Box office day!!!! Yaaaaaay! And we get to see if 2.0 has staying power, and if Kedarnath has opening day power. And then answer to both is…..sort of! (as always, figures from bollywoodhungama)
Just a reminder, for opening week of a Big film, $4,000-$8,000 per screen is the acceptable range. For a medium film, $3,000 to $5,000 is acceptable. For a very small film (anything Malayalam), $2,000-$4,000 is impressive. Second week, for a Big film, $3,000-$6,000 is acceptable, $2,000-$4 is good for a medium film, bad for a Big Film. $1,000-$2,000 is good for a small film.
So, what does that mean for this week? Let’s start with 2.0 in America. This is the biggest of big films. A) It has Rajinikanth, a Very Big Star. B) It has a Big scope to its ideas and budget. C) It released in 3D, automatically driving up ticket prices. Last week it came in at $8,000 per screen on a very large number of screens. Which was really more like the equivalent of $4,000 per screen once you considered the inflated 3D prices and Tamil first weekend prices. This week, it is coming in at $3,000 per screen on the same number of screens. Now, if this were a regular Big film, I would say that is “bad, but not embarrassing”. It means there are a few people who didn’t see it opening weekend and weren’t driven away by word of mouth, and a few others who actually want to see it again. BUT!!! It is in 3D!!! Which means that even if the Tamil ticket prices have dropped down to a more normal level in week 2, leading to a predictable and expected drop in the overall box office, the 3D tickets are still going to be the same higher rate. So it’s not exactly $3,000 divided by 2, but more like $3,000 divided by 2/3rds. Which brings it down to what would be for a “normal” movie, $2,000.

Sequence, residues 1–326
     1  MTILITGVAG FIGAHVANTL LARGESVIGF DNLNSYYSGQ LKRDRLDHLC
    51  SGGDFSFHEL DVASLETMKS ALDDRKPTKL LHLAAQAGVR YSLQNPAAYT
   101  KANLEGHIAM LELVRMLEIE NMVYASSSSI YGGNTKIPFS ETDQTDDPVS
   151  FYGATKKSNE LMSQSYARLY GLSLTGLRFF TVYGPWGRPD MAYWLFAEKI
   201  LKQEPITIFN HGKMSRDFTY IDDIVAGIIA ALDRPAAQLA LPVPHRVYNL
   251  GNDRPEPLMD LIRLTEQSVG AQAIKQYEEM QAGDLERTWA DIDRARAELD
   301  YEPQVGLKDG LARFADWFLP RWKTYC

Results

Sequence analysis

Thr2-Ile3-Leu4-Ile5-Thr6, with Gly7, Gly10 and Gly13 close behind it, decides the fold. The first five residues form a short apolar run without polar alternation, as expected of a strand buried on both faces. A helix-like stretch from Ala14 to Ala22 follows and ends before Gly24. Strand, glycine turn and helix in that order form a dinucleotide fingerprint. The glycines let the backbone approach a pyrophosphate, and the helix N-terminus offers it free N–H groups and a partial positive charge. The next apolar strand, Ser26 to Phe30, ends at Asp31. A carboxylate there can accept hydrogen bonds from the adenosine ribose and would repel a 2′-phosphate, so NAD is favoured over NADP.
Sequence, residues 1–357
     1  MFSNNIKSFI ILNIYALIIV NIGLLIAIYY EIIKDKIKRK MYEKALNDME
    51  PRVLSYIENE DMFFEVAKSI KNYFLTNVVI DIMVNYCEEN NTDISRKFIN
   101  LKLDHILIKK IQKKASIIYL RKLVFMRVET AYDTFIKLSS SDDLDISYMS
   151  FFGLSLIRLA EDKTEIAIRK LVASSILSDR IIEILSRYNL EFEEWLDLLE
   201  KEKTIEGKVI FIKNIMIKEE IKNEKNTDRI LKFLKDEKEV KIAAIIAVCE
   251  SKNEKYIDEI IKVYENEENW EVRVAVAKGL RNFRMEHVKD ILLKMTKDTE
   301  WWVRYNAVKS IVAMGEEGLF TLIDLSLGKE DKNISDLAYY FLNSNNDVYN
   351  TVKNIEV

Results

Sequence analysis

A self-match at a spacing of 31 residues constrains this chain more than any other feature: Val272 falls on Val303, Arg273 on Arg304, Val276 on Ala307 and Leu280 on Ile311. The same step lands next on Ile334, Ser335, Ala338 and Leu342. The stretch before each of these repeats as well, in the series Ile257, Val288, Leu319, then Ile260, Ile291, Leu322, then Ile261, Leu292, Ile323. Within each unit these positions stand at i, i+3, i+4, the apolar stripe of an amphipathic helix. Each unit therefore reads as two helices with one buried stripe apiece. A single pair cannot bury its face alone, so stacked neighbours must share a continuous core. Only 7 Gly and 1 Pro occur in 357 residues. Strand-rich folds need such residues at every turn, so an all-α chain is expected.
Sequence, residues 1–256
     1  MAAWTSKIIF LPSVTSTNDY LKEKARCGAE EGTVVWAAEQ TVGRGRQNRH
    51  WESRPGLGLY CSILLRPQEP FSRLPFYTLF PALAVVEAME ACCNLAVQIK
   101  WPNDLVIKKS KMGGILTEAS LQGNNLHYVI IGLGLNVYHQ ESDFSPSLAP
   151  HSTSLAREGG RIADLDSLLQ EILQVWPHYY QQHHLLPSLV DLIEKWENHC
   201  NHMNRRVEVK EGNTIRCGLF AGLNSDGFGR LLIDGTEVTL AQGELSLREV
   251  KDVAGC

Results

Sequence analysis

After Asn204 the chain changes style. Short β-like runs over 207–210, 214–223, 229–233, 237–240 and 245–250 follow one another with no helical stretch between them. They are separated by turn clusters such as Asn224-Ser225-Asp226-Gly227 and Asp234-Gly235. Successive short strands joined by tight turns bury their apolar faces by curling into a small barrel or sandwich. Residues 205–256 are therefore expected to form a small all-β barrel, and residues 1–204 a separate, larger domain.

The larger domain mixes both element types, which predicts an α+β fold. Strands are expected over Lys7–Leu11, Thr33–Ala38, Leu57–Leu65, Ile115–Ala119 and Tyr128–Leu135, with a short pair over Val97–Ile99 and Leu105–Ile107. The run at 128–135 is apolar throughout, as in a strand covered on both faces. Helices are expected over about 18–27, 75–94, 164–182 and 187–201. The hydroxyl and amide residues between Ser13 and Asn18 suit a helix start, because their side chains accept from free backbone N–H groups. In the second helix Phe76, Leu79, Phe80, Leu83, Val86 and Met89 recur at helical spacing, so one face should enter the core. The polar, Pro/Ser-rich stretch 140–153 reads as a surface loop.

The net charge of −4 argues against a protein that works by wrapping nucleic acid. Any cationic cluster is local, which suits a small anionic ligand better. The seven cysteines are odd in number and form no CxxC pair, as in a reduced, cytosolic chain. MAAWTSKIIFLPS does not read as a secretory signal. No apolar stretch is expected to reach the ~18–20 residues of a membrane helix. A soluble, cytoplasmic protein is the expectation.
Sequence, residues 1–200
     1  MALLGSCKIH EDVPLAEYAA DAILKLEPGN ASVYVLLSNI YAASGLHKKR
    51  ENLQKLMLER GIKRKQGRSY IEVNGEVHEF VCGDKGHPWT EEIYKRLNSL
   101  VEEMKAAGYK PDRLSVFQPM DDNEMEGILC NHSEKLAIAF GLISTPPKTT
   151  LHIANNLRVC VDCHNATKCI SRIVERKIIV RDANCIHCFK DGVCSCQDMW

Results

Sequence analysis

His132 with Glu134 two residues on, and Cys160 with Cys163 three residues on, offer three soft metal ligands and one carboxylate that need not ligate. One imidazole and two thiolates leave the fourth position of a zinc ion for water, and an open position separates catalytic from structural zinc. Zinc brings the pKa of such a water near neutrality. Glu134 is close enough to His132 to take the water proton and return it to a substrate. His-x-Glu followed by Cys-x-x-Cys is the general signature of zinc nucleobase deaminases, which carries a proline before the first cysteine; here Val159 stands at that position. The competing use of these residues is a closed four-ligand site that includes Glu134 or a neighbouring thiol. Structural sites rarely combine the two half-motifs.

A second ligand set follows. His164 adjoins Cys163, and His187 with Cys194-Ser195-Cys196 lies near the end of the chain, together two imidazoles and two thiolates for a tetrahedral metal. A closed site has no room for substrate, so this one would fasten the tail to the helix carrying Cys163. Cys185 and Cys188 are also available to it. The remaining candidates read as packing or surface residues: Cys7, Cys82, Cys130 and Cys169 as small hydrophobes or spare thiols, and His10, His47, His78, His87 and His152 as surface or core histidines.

This is the same pattern we have been seeing for southern releases at least since Spyder over a year ago. The opening weekend is very good, the ticket prices are high and it is an Event to be there opening night. But then it has no staying power. In the most dramatic examples, the drop occurs between the very first and second nights. In the less dramatic examples, it occurs between first and second weekends, like here.
There’s a lot of reasons for this, mainly related to how the southern films function differently than Hindi films. The high ticket prices opening night are the start of it all. The ticket prices are high because there is an exorbitant interest in opening night. And in order to keep them high, promoters and stars and everyone else, focuses on opening night as well. Finally, thanks to the high ticket prices, it is possible for a one time promoter to make money off the film. To rent space in a theater for a flat rate, sell tickets at whatever they want, and come out with an overall profit.
This is all BAD for the theater industry in general. And therefore the movie industry, since it floats up. A theater doesn’t need a really big opening night, they need a film to run and run and run so they can sell lots of popcorn and snacks and everything else. So the southern pattern, while it may rack up impressive numbers very quickly, is overall not the most important thing to look at.
This brings me to Kedarnath! Which also made about $3,000 per screen in America, on 100 screens. 100 screens is very good for a mid-sized film. And making $3,000 per screen is respectable for that number of screens. More importantly, a film that had minimal publicity and made $3,000 on 100 screens opening weekend seems set to make $2,000 per screen on 70 screens next week, same on 40 screens the week after that, and so on and so forth. Especially since it released with no 3D and no inflated tickets, just regular rates, same this week as it will be every other week.
(Kedarnath, positioned for a slow but sure climb)
So the bottom line is, this weekend was very good for Sara Ali Khan, and only so-so for Rajinikanth.